Monday, January 19, 2009

The ugly side of the Canadian Forces

In two previous posts I've expressed my concern regarding the treatment Captain Robert Semrau by the Canadian Military. The author of the following article, Peter Worthington, is a veteran of World War II and Korea. In Korea he served as an Intelligence Officer in the Princess Patricia's Canadian Light Infantry (PPCLI) in combat. He's also one of the founding members of The Toronto Sun, the paper in which this article appears. He is recognized as one of the foremost writers on military matters. Mr. Worthington has and continues to make an outstanding contribution to the perpetuation of the memory of the sacrifice and contributions of all Canadian Veterans, including serving soldiers such as Captain Robert Semrau currently facing a court martial for an incident in Afghanistan during combat operations.

Army 'eating its own' again?

Capt. Robert Semrau is the latest Canadian soldier to face questionable military justice


Last Updated: 18th January 2009, 2:51am

A saying in the Canadian military that "we eat our own," is being heard in the case against Capt. Robert Semrau, charged with the second-degree murder of a badly wounded Taliban ambusher during a patrol in Afghanistan.

Even if the charge is reduced, as some think is likely, Semrau's career in the army is toast. The fact he was charged means he's finished.

The damage to the morale of our soldiers in the field is another matter, and raises the question of who reported the incident that occurred last October and didn't surface until it was investigated 2 1/2 months later, with charges laid on Dec. 30. No dead body was recovered -- which may be relevant when Semrau's court martial is held.

This isn't a first for Canada's military. Remember the case of Lt.Cdr. Dean Marsaw, Canada's top submarine commander (the Ojibwa) in the early 1990s? He was charged and found guilty on five counts of physical and verbal abuse of crew members, stripped of his rank and dismissed from the navy.

His appeal was going nowhere until he waged a 29-day hunger strike that got media attention. Then, the military appeal court ruled he was wrongly charged, had been subjected to inappropriate questions and was exonerated. The main "victim" of his "abuse" had no memory of it.

But Marsaw's career was finished -- he'd challenged authority, won, but was unforgiven.
Col. Serge Labbe, overall commander in Somalia when a prisoner was tortured to death, was considered a prospect to someday be chief of defence staff. Somalia sidetracked him for nearly 15 years. He was finally promoted to brigadier-general on retirement, complete with retroactive general's back pay, but still a casualty.

In the interim he'd been accused by a junior officer of harassing an officers mess waitress.
The general who was personally handed the complaint, claimed never to have read it. No action was taken, and the career of the officer making the complaint came to a halt until he quit the army.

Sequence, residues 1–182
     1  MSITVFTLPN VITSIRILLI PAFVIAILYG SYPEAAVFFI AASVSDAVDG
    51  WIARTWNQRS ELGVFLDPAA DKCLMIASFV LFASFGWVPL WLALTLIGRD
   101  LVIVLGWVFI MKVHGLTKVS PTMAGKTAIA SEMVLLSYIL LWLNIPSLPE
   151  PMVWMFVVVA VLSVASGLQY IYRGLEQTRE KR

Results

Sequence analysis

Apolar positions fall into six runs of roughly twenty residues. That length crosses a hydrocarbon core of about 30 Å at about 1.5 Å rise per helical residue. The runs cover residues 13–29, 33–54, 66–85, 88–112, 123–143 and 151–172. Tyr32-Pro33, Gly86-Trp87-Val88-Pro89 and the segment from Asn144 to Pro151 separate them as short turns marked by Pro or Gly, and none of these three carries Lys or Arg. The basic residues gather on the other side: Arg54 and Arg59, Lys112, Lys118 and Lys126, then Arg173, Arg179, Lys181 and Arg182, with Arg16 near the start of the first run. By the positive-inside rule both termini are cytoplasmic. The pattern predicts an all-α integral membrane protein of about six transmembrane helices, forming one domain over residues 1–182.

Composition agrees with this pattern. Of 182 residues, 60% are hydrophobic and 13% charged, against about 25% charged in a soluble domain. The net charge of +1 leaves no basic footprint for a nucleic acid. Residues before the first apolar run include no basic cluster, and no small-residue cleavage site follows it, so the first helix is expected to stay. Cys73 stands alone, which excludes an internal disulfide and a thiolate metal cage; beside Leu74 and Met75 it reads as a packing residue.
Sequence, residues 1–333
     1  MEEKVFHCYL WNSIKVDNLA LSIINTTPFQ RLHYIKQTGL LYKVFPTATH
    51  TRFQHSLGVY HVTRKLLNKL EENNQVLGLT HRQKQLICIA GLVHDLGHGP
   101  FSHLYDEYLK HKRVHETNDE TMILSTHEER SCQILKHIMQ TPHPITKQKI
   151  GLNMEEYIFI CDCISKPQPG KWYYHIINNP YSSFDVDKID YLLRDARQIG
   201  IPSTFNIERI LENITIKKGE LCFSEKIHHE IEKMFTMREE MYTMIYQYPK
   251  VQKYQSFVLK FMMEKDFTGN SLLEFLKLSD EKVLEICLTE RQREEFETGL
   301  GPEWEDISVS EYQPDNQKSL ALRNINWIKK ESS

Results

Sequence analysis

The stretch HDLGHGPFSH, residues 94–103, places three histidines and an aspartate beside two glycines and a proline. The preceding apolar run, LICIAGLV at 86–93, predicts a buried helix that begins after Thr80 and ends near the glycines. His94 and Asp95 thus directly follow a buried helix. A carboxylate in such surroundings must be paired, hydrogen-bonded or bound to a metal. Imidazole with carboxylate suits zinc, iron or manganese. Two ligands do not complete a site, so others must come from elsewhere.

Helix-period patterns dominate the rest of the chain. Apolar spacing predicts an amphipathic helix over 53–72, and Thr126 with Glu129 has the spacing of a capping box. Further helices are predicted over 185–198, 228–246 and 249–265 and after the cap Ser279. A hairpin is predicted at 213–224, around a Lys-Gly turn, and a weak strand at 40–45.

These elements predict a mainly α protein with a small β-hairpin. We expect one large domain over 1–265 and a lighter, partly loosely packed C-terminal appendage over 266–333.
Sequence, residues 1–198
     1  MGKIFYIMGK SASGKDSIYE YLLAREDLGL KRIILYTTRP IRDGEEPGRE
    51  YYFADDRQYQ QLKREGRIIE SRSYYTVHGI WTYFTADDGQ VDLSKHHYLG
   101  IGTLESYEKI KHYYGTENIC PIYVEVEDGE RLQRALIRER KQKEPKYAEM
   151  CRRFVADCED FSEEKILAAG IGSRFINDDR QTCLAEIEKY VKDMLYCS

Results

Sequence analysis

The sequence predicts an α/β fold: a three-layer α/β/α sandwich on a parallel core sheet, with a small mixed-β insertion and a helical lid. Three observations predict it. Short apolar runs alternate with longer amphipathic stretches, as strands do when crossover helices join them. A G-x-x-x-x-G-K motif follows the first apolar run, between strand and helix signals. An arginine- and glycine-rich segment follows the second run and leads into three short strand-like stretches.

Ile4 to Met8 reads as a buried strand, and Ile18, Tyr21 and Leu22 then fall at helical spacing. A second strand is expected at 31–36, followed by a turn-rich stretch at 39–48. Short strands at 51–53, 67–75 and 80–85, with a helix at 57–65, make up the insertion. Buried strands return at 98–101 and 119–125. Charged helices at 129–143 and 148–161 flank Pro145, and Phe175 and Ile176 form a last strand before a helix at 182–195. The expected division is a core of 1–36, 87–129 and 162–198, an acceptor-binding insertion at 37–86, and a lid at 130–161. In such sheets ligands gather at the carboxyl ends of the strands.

In Bosnia, during UN peacekeeping, Maj. Ross Wickware was outstanding in developing working relations with Serb militants, even negotiating the opening of the closed highway to Sarajevo.


He erred in attending an important wedding put on by the Serbian commander, and a Canadian corporal subsequently reported him drunk. The Commanding Officer was on leave, but Wickware was charged and sent back to Canada for court martial.

At Wickware's trial in Calgary, the Serbian commander got special permission to come to Canada to testify as to his value to the peace process. Charges were reduced to a letter of reprimand on his file. But Wickware's bright military career was finished. The army acknowledged his worth, but had him for lunch.

Warrant Officer Matt Stopford was decorated for leadership in Croatia, but the army failed to tell him they'd discovered his own men found him too gung-ho and were poisoning his coffee. When Stopford -- blind in one eye and crippled with internal injuries -- sought to learn the names of those who poisoned him, the army refused on grounds of respecting the privacy of the perpetrators.

Nearly 10 years later, the Minister of Defence sent Stopford to the Mayo Clinic which reported they'd delayed too long for a cure.

The next minister apologized to Stopford and awarded him a financial settlement. After 17 years as a soldier, Stopford, at age 34, was cast aside with life-altering internal afflictions.
Lt.Col. David Moore, commander of the Canadian battle group in Bosnia, was earmarked for blame in a scandal at the Bakovici Mental Hospital where custodial staff had fled, leaving the VanDoos to clean up.


What saved Moore was the publication of his diary that showed he tried desperately to correct the hospital situation, and even brought charges against the defiant VanDoos. Although absolved, Moore's career was over.

Charges against the VanDoos went nowhere. Moore left the army -- another good man consumed by the army he served.

In a way, Capt. Semrau seems the latest example of the army eating its own -- a battlefield casualty that is hard for those who've not experienced battlefields to understand.


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